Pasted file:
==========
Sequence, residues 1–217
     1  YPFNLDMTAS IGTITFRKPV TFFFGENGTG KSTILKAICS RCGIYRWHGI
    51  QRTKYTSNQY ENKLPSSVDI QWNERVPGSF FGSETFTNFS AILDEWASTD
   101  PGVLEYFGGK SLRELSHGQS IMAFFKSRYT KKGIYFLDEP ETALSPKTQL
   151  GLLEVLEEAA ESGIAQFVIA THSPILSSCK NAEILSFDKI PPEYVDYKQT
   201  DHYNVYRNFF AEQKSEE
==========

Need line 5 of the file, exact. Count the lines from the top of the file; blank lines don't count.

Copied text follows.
   151  GLLEVLEEAA ESGIAQFVIA THSPILSSCK NAEILSFDKI PPEYVDYKQT